Hello umobile98! I'm glad you've come to the Forum in search of answers to assist your husband in taking the best care of himself possible. I hope I can provide you with some answers and I know you'll probably get lots of additional suggestions as this topic is one that concerns everyone affected by diabetes, especially at the beginning. I want to let you know that none of us here are medical professionals ~ we are parents and spouses of type 1's or type 1's themselves. I am the mother of a now 18 year old son, so I can offer you suggestions from my personal experiences of the past 7 years of living with this disease.
First, I'm happy to hear you'll be seeing the doctor tomorrow ~ is he an endocrinologist? That's a doctor who specailizes in diabetes, and is preferable, as he should be up-to-date on current diabetes management more so than say, a general practicianer. Your education classes will most likely answer your questions regarding meal planning, etc., but I can provide you with some initial suggestions.
You mentioned your husband has been put on a 75 carb/meal diet ~ that should be enough to fill him up if he's balancing those carbs with enough fat and protein. The fat and protein allow the carbs "to stay with" him longer and will allow better asorption of his insulin. You didn't mention what kind of insulin routine he's on and that definitely will make a difference in how his meal plan is structured. Some insulins require a VERY strict timing, as well as quantity of carbohydrate intake. There is a newer insulin regimin called Lantus which doesn't require a person using it to eat at prescribed times as does the other long-acting insulins. For a person using Lantus, they would take that injection 1 or 2 times each day to cover their basal rate of insulin. Then when they eat, they calculate how many carbs they'll be consuming and given an insulin-to-carb ratio provided by their doctor, they would deliver the proper amount of insulin. My son for example takes 1 unit of fast acting insulin (Novolog in his case) for each 15 grams of carbs he consumes. Theoretically, when you are carb-counting such as my son, you can eat as many carbs as you want as long as you "cover" them with insulin.
One thing that was most helpful to us, especially at the beginning, was getting a Carb Counting book, one for fresh foods, packaged foods, etc. that you would purchase in the grocery store and then another one used for dining out. There's one that covers most of the major fast food chains as well as some of the larger eat-in restaurants. These can be most helpful as you learn to 'guesstimate', which I promise you will learn to do!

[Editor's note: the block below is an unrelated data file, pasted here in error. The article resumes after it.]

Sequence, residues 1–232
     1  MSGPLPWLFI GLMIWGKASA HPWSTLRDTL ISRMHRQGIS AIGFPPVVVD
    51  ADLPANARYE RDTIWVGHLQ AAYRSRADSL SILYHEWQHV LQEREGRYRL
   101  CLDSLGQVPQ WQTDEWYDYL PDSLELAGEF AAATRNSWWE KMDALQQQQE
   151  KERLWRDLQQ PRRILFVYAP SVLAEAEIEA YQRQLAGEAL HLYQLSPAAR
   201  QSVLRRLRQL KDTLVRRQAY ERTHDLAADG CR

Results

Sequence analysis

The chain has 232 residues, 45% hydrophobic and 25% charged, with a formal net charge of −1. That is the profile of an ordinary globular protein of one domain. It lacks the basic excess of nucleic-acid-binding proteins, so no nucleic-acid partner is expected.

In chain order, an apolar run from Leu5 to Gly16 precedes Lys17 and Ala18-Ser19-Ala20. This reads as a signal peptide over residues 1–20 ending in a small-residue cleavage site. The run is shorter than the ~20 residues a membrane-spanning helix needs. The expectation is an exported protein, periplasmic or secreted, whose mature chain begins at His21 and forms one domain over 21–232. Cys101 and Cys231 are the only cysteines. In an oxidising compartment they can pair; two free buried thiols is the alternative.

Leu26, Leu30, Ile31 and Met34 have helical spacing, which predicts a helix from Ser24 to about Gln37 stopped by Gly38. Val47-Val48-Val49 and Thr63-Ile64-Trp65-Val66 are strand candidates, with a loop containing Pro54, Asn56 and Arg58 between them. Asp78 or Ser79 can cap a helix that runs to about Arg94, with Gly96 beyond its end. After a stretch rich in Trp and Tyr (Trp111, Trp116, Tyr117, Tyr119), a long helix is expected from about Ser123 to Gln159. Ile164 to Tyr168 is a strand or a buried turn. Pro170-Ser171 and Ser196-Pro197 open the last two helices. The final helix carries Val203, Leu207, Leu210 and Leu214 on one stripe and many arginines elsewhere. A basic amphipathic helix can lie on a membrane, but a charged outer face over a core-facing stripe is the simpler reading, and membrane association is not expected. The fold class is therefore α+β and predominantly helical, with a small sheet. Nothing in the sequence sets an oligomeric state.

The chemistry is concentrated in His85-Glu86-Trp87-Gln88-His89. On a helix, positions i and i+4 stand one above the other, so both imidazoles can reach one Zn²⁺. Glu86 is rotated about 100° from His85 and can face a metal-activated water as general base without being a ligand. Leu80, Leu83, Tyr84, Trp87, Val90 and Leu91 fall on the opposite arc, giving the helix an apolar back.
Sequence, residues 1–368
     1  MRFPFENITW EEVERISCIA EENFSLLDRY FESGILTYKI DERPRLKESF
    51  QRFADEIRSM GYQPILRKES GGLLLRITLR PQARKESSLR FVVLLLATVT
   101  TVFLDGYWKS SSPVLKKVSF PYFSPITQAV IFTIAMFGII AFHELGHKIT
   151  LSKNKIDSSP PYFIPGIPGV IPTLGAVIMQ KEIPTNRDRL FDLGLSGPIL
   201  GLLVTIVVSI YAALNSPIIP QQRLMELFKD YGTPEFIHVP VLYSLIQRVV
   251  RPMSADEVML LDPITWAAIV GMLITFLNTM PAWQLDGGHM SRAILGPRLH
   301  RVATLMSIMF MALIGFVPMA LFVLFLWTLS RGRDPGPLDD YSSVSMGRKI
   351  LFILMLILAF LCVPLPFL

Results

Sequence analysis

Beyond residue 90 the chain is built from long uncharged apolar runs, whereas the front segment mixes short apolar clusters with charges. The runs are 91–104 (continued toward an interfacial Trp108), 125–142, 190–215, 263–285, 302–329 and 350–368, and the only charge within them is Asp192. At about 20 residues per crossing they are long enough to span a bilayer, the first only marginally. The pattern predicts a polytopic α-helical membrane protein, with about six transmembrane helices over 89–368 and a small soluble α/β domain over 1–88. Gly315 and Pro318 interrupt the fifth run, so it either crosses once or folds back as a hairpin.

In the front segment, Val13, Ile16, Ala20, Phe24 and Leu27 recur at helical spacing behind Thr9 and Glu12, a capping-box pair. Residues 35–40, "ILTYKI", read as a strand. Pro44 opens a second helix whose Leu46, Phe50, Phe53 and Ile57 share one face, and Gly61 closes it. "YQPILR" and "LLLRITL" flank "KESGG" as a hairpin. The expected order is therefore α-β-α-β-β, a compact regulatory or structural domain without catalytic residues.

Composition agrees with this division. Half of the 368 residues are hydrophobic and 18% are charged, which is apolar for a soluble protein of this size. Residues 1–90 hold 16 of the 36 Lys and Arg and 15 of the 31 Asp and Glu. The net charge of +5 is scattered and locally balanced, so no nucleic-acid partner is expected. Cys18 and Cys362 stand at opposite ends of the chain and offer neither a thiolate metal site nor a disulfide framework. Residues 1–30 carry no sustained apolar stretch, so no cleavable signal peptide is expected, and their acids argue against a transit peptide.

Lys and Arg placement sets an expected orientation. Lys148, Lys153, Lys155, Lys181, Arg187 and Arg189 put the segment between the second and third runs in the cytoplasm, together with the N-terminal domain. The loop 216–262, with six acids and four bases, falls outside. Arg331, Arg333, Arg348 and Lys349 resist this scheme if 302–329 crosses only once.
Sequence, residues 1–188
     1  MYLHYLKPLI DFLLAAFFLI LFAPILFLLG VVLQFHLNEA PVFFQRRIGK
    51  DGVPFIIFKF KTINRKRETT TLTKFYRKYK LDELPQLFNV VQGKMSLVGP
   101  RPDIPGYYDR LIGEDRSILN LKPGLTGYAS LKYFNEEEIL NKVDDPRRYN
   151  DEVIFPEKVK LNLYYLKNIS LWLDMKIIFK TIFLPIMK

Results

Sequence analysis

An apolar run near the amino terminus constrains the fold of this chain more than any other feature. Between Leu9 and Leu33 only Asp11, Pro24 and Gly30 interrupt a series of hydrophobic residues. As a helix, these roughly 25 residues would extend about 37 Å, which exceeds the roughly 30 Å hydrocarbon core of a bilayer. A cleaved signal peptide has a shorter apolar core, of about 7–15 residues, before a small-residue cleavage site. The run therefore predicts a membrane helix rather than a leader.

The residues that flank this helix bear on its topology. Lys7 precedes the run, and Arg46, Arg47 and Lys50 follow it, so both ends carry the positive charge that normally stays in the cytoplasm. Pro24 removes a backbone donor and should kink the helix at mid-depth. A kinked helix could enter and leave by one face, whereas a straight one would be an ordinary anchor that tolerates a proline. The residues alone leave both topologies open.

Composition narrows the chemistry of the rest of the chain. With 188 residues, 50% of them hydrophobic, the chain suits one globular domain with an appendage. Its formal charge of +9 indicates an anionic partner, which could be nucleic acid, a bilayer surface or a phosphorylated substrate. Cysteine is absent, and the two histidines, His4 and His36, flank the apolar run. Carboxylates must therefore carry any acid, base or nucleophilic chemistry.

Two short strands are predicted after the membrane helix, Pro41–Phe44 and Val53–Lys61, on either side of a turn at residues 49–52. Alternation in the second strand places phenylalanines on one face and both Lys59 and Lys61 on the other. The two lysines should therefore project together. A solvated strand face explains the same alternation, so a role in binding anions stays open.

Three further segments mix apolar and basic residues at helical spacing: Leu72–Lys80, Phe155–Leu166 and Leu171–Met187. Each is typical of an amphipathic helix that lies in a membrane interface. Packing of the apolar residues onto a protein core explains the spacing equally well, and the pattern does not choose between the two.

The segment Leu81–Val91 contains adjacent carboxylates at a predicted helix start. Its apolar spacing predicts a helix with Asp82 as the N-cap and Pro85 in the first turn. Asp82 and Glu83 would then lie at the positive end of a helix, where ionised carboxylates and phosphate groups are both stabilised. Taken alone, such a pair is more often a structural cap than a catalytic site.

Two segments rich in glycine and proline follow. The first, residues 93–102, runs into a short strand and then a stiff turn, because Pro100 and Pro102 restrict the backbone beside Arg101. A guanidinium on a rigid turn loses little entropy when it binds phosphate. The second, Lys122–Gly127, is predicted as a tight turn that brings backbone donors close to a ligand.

I wanted to give you an example of what a 75 carb dinner might look like.
1-1/2 C. spaghetti with 1/2 C. sauce 60 gr.
1 dinner roll 15 gr.
3 meat balls ( 1 oz. ea. ) 0 gr.
Salad with oil/vinegar dressing 0 gr.
At your doctor visit, as if they have a nutritionist/dietician who you and your husband can work with to plan out some meals. I'm sure others will come and offer their own suggestions, but bottom line it takes some learning and working with the doctor to figure out the best insulin to carb ratio for your husband.
Best of luck and let us know how you all are progressing!
Yes to everything that JHG has posted.
Also, it's not uncommon that we diabetics feel hungry when our blood sugars are not yet under control. Until we get our blood sugars back into more normal ranges, our cells are, literally, starving. The weight loss you hubby has experienced is the result of his cells having been starving for a while.
Probably you were given blood test meter & strips so your hubby can begin to recognize patterns of how he feels relative to his blood sugar. Encourage him to drink plenty of water or other non-sugary, non-caffeinated beverages with & between meals. Often we think we're hungry, when really we're thirsty.
Adding protein & fats to his meals and including them in snacks is great, as JHG has explained. Once your hubby gets his insulin routine and blood sugars under good control, and once he understands how his particular system responds to life (stress, exercise, illness, food, etc.) he can pretty much eat what he wants. I say "pretty much," because none of us would be healthy -- diabetic or not -- on a fast food, high fat, sugary meal plan. However, if hubby's food interests are reasonable, a good Certified DIabetes Educator (working as part of your diabetes team with your endo) will be able to teach you how to incorporate the foods & beverages he likes into the new way of eating.
There's lots to learn, do be patient. While an a1c is very high, it *could* be worse. My experience is that folks who embrace what we need to do to FEEL good, will also naturally lower our a1cs. It takes time, however. And it takes time for our bodies to FEEL GOOD at good numbers -- after enduring life at high numbers. Feeling good at good numbers will come gradually as he experiences more good numbers on a regular basis.
There are plenty of stresses on you, now, too. Hubby is fortunate to have your involvement and your concern. He may not always *like* it, however ;-) especially when his blood sugars are not good. Try to be patient with him and yourself ... this disease requires "marathon" skills; not "sprint" skills, so keep the long-term in mind.
Just found something interesting that I thought you might find helpful. Lifescan's website: http://www.lifescan.com/ has lots of recipes you can look though, but additionally they have a meal planning/recipe booklet you can download for free. It gives some great information that might help you better understand carbs and meal planning.
what a great website===although im type 2 at present ,i find the comments re aspartame/coffee etc very useful. thanks